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BS: What's in your name?

ced2 12 Mar 04 - 04:40 AM
fat B****rd 12 Mar 04 - 05:37 AM
el ted 12 Mar 04 - 05:42 AM
Ellenpoly 12 Mar 04 - 05:52 AM
Dave Hanson 12 Mar 04 - 06:13 AM
GUEST,juan kerr 12 Mar 04 - 06:22 AM
ced2 12 Mar 04 - 06:34 AM
Ben Dover 12 Mar 04 - 06:36 AM
ced2 12 Mar 04 - 07:03 AM
kendall 12 Mar 04 - 07:13 AM
catspaw49 12 Mar 04 - 07:26 AM
greg stephens 12 Mar 04 - 07:29 AM
Dave Hanson 12 Mar 04 - 08:13 AM
ced2 12 Mar 04 - 08:18 AM
Dave Hanson 12 Mar 04 - 10:27 AM
Ben Dover 12 Mar 04 - 10:32 AM
ced2 12 Mar 04 - 10:46 AM
Rapparee 12 Mar 04 - 10:54 AM
katlaughing 12 Mar 04 - 11:30 AM
Strick 12 Mar 04 - 12:09 PM
Liz the Squeak 12 Mar 04 - 12:41 PM
Bill D 12 Mar 04 - 01:09 PM
Alaska Mike 12 Mar 04 - 01:17 PM
Raedwulf 12 Mar 04 - 01:25 PM
Don Firth 12 Mar 04 - 01:27 PM
Raedwulf 12 Mar 04 - 01:53 PM
ced2 12 Mar 04 - 02:59 PM
Bee-dubya-ell 12 Mar 04 - 03:14 PM
Rapparee 12 Mar 04 - 03:15 PM
Catherine Jayne 12 Mar 04 - 03:30 PM
Bill D 12 Mar 04 - 03:53 PM
GUEST,pdc 12 Mar 04 - 03:59 PM
Raedwulf 12 Mar 04 - 04:10 PM
Raedwulf 12 Mar 04 - 04:11 PM
Benjamin 12 Mar 04 - 05:32 PM
katlaughing 12 Mar 04 - 06:35 PM
Nemesis 12 Mar 04 - 08:15 PM
Jeri 12 Mar 04 - 08:25 PM
Uncle_DaveO 12 Mar 04 - 08:27 PM
GUEST,petr 12 Mar 04 - 08:45 PM
Peace 12 Mar 04 - 09:09 PM
ranger1 12 Mar 04 - 09:30 PM
Amergin 12 Mar 04 - 09:57 PM
Dave Hanson 13 Mar 04 - 12:25 AM
Blackcatter 13 Mar 04 - 12:53 AM
Allan C. 13 Mar 04 - 12:54 AM
Gurney 13 Mar 04 - 02:54 AM
Catherine Jayne 13 Mar 04 - 04:49 AM
Ellenpoly 13 Mar 04 - 05:41 AM
Amergin 13 Mar 04 - 05:47 AM
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Subject: BS: What's in your name?
From: ced2
Date: 12 Mar 04 - 04:40 AM

Someone with the surname Miller probably had an ancestor who milled corn, wheat etc. Likewise the surname Wright probably came from the wheelwrights who mended wheels on carts. There are two that give me concern.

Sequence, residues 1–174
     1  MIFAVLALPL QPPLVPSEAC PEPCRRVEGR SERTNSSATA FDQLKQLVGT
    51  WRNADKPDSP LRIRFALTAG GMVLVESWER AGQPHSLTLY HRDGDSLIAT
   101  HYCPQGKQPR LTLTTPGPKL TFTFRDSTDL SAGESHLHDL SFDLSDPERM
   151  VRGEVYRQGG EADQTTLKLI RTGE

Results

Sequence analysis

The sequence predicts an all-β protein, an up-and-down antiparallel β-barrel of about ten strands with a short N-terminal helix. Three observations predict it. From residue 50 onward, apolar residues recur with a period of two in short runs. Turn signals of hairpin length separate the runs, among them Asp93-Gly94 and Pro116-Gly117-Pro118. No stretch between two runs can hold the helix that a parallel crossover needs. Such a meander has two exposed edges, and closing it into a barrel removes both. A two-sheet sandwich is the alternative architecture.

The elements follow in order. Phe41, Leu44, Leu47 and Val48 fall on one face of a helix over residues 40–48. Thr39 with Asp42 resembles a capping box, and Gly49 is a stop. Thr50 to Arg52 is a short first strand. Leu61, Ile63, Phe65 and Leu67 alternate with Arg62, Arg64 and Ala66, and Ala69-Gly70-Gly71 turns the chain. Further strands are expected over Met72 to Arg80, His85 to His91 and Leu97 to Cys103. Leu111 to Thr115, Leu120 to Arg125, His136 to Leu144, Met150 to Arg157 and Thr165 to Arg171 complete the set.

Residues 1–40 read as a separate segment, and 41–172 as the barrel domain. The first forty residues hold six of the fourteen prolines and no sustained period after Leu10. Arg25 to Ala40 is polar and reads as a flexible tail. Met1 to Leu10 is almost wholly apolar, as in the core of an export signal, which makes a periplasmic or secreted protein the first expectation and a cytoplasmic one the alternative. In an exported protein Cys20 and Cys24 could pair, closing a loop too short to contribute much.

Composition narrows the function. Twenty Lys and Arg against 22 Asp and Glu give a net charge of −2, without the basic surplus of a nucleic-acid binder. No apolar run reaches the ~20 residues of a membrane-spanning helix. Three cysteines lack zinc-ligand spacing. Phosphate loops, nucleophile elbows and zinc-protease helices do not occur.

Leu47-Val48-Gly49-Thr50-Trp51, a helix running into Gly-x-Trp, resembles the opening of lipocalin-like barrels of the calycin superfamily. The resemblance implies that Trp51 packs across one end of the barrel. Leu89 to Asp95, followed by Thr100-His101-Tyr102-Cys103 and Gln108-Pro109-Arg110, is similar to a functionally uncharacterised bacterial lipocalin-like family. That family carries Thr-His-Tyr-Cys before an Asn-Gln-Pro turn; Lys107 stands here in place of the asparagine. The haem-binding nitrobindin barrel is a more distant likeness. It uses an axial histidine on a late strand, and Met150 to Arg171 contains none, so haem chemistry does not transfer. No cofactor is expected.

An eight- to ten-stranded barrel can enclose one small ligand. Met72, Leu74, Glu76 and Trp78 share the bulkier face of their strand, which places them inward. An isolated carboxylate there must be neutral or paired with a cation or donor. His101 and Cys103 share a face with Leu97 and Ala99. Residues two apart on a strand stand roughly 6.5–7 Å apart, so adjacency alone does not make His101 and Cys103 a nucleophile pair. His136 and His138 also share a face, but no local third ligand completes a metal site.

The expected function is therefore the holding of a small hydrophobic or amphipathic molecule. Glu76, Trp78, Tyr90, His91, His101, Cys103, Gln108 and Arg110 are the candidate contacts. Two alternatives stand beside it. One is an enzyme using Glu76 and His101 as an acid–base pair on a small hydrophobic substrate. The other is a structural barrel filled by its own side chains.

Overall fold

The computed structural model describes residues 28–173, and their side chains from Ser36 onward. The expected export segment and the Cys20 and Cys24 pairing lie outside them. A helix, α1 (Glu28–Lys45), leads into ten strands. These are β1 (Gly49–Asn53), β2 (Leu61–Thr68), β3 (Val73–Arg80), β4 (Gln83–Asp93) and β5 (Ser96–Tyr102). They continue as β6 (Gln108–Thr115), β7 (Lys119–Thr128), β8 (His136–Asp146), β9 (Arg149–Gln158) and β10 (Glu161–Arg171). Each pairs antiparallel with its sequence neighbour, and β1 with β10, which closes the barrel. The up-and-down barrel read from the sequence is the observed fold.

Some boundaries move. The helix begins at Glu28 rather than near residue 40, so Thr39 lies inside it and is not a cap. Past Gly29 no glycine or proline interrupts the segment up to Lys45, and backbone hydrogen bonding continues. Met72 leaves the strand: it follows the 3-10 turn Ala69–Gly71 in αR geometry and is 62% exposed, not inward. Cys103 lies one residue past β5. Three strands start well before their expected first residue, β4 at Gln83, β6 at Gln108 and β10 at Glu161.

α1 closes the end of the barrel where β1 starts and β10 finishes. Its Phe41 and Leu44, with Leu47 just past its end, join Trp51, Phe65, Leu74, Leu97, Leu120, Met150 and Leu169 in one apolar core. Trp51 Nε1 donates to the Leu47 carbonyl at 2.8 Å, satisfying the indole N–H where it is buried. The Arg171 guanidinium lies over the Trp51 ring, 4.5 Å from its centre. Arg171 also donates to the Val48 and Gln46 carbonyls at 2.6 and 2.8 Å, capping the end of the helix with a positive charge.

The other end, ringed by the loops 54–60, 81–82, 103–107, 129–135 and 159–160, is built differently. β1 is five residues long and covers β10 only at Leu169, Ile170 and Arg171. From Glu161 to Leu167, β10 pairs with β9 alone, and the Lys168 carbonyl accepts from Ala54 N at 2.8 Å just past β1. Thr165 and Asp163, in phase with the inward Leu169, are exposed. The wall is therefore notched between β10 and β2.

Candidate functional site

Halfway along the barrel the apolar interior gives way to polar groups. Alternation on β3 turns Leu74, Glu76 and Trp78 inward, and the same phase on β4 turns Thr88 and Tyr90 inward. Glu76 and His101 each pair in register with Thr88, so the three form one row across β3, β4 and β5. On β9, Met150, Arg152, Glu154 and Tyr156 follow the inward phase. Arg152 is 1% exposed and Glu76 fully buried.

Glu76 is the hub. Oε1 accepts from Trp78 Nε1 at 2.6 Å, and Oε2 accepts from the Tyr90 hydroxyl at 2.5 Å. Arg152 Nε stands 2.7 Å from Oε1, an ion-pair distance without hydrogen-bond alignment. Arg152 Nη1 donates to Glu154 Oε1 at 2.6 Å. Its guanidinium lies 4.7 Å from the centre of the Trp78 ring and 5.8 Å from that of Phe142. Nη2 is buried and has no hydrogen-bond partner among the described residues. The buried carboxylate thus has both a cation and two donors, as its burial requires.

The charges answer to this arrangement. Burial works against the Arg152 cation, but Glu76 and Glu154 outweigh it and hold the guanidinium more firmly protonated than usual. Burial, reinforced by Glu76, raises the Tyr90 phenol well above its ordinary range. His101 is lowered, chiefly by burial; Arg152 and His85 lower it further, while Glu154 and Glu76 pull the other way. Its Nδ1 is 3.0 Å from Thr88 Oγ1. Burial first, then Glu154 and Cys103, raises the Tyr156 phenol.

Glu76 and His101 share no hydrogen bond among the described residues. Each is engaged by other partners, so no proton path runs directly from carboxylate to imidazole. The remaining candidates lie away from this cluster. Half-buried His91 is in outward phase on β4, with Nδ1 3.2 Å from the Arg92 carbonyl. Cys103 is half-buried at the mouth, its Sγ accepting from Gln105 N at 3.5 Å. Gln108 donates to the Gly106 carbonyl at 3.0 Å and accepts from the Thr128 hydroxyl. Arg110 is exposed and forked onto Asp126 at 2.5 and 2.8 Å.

Firstly Shatner... what was his ancestor known for?
Secondly Bush.... Has there been some strange eveolution from plant life that gives a shrub the appearance of an upright ape but with even less brain and communication ability?
Any other interesting ones spring to mind?


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Subject: RE: BS: What's in your name?
From: fat B****rd
Date: 12 Mar 04 - 05:37 AM

Stanger, apparently German (now Stenger) a maker of iron bars.


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Subject: RE: BS: What's in your name?
From: el ted
Date: 12 Mar 04 - 05:42 AM

My surname is - livesinhullplaysguitaranddrinksbeer. But I don't know what it means.


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Subject: RE: BS: What's in your name?
From: Ellenpoly
Date: 12 Mar 04 - 05:52 AM

Poly (Many) Hronon (Years) Poulou (City..the feminine version). So Polyhronopoulou means "city of many years". It's not my maiden name (RITMAN, from the Prussian meaning "man who rides") but I do prefer it just cause so few people are willing to try and pronounce it..(think Holy Honolulu)..xx..e


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Subject: RE: BS: What's in your name?
From: Dave Hanson
Date: 12 Mar 04 - 06:13 AM

And what the 'eck does Schwarzenegger mean? I know schwarz is the german for black. Perhaps as Joan Baez described him when she appeared at the British folk Awards, ' neanderthal.'
eric


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Subject: RE: BS: What's in your name?
From: GUEST,juan kerr
Date: 12 Mar 04 - 06:22 AM

My name is self explanetary.


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Subject: RE: BS: What's in your name?
From: ced2
Date: 12 Mar 04 - 06:34 AM

Where did "Blair" come from I wonder? Is it a corruption of "Blur" as in to blur the truth, which could have been a name for a lawyer long ago. Come to think of it isn't he one now?


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Subject: RE: BS: What's in your name?
From: Ben Dover
Date: 12 Mar 04 - 06:36 AM

oi juan, you think you got problems, look at my bloody name!


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Subject: RE: BS: What's in your name?
From: ced2
Date: 12 Mar 04 - 07:03 AM

Nearly as problematical as Mr Richard Head


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Subject: RE: BS: What's in your name?
From: kendall
Date: 12 Mar 04 - 07:13 AM

Blairs name, probably someone reversed the i and the a.

I understand my first name means "Chief of the river glen" Don't have a clue about my last. It was changed after my ancestors invaded England in 1066, and the original spelling was DeMors.


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Subject: RE: BS: What's in your name?
From: catspaw49
Date: 12 Mar 04 - 07:26 AM

I think I'd have a problem if my last name were Lipschitz instead of Hugedich.......

Spaw


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Subject: RE: BS: What's in your name?